Probation is an Opportunity: A Limited One

A recent article in the Providence Journal by Katie Mulvaney titled, “RI man, never tried in Rape, remains imprisoned for it.” ( is disingenuous.

The inmate, 52-year-old Robert Raso, violated the conditions of his parole and probation based on allegations he committed sexual assault. After prosecutors decided not to go forward with the criminal matter, Raso appealed his violation and return to prison for the balance of his original sentence.

Judge William Carnes upheld the violation and denied his petition for release. The court based the decision on the testimony of the original prosecutor, Assistant Attorney General Daniel Carr Guglielmo. Guglielmo told the court the decision not to prosecute was not because of any doubt in his mind that probable cause existed to continue the case and the victim’s allegations and statements were credible.

Sometimes, even when the police identify a perpetrator and evidence is available, the best course of justice is no trial. Here, the victim suffered twice. Once at the hands of the man who assaulted her and then by family members who chose not to believe her, and tried to force her to recant. She did not, and this is the key aspect.

Roger Williams University Law Professor Andrew Horwitz, said, “the case — and the sentence — is ‘exactly’ what is wrong with the state’s probation system.” Professor Horwitz argued that “very serious allegations were resolved through a probation violation hearing instead of a trial in which the defendant would have enjoyed a full panoply of constitutional protections.”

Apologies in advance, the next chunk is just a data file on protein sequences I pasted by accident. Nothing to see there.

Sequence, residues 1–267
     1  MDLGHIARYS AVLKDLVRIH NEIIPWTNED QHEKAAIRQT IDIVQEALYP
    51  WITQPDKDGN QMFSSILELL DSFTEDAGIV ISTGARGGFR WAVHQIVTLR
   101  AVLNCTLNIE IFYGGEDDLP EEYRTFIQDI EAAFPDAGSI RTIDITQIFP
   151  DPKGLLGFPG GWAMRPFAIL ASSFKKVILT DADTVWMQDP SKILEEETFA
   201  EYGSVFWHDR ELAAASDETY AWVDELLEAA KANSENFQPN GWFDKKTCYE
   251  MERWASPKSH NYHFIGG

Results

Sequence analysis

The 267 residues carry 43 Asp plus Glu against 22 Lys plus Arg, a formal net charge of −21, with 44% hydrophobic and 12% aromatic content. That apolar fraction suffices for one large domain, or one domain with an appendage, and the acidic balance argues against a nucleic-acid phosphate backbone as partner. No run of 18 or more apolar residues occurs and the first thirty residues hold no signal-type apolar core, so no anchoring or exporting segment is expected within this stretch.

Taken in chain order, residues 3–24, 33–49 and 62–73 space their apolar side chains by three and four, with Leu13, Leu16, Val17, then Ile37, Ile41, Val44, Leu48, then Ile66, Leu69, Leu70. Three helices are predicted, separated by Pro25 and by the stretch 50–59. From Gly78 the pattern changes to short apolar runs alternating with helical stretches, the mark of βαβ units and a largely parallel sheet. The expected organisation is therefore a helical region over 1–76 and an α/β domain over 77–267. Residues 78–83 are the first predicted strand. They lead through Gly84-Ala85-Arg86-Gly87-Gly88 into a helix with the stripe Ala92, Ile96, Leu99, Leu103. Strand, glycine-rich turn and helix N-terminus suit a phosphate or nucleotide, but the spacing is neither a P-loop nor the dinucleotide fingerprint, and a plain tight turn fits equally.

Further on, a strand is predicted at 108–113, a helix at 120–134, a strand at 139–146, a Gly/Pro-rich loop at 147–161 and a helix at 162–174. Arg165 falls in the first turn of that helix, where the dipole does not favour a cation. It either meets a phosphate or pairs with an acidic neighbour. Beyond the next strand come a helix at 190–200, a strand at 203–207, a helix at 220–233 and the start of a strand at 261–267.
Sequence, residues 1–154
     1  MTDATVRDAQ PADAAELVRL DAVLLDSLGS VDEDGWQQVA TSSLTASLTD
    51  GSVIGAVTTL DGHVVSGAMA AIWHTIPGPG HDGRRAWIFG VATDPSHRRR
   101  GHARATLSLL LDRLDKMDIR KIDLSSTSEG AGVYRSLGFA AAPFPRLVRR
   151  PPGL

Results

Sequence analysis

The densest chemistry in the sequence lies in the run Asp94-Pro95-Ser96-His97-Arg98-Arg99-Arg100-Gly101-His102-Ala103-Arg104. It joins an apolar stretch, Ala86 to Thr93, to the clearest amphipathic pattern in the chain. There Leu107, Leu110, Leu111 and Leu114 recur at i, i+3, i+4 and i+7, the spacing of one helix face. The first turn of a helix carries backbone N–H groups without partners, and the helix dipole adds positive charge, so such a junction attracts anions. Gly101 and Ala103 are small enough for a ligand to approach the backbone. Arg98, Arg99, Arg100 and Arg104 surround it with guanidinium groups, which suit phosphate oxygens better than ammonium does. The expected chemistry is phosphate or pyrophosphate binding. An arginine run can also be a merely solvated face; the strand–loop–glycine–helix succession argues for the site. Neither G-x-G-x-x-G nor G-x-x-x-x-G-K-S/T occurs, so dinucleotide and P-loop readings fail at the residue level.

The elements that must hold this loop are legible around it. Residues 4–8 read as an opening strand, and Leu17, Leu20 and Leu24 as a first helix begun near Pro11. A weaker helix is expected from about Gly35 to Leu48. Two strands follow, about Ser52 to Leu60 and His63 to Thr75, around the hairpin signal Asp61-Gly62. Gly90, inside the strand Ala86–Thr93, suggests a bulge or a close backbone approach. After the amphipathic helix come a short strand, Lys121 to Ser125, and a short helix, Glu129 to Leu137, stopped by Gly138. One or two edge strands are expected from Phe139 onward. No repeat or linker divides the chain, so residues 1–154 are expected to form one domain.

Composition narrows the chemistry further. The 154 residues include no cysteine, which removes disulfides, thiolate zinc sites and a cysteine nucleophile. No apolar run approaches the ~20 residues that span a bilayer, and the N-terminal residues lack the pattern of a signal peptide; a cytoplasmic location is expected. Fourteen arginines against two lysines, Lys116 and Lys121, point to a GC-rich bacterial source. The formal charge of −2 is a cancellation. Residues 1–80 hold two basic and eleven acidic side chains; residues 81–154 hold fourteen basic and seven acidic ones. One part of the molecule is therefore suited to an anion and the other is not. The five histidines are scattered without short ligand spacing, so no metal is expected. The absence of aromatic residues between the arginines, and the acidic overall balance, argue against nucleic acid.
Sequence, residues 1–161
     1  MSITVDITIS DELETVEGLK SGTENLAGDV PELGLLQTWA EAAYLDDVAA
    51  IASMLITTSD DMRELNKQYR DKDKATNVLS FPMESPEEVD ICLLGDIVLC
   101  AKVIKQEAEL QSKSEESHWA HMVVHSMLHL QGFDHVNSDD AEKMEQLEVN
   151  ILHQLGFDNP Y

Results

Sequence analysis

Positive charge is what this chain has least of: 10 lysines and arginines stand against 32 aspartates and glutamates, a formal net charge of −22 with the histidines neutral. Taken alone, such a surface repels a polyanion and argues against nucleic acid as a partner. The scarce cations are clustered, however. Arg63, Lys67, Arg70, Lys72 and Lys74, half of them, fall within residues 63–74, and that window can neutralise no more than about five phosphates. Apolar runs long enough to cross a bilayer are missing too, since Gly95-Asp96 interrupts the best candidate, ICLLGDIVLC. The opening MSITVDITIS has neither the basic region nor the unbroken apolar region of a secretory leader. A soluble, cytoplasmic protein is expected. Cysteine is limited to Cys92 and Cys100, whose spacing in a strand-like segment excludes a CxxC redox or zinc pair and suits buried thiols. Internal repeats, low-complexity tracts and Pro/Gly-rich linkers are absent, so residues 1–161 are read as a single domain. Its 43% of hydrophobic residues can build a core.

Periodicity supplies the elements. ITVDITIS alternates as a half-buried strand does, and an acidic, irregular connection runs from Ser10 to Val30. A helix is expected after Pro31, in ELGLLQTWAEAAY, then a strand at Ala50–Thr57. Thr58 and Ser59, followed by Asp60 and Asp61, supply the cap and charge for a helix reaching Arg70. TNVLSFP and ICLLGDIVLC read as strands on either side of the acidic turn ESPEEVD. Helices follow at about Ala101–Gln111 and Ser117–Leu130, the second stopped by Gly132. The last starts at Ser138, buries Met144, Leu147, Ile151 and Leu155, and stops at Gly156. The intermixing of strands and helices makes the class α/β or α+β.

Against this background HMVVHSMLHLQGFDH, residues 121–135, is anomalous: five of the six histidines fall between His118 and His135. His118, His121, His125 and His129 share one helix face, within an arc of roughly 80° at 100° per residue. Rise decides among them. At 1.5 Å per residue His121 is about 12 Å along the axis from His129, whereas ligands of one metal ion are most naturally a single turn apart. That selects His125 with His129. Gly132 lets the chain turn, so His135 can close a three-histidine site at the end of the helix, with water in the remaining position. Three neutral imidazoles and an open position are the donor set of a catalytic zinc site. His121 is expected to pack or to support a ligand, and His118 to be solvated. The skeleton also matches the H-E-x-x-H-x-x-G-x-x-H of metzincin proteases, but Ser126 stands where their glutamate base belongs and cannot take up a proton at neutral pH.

The title of the piece skews the core element. Mr. Raso “enjoyed” his full constitutional benefit at the violation hearing. He had competent counsel, a neutral court, and the opportunity to question the evidence used to support the violation.

Raso is serving time for violating probation on the original criminal charges he faced, not for an unresolved Rape case.

Also from the article;

“In March 2011, Judge Savage sentenced Raso to serve 25 years for violating the terms of his probation from a slew of offenses committed more than a decade earlier, including kidnapping, attempted murder, armed robberies, and arson. Raso served 12 years for the previous offenses. A 28-year suspended sentence with probation remained hanging over him upon his release.”

To be clear, Raso is serving the balance of his sentence because a court found he violated the conditions of his probation. Despite the lack of a criminal trial in the case triggering the violation, a Judge heard competent and convincing evidence that Mr. Raso violated the conditions of probation. Before he could secure his release, Mr. Raso had to accept and agree to the conditions of probation.

He violated those conditions, and Judge Savage rightfully returned him to prison. If there is anything to question about the Rhode Island Probation system it’s why did a man sentenced to forty years serve barely one-third of his sentence?

The onus fell on Mr. Raso to make sure he avoided even the whisper of violating conditions. Probation is an opportunity, yet a limited one. While I often argue the inequities of prison sentences and see them as a poor solution to the problem of crime, in this matter, it is appropriate.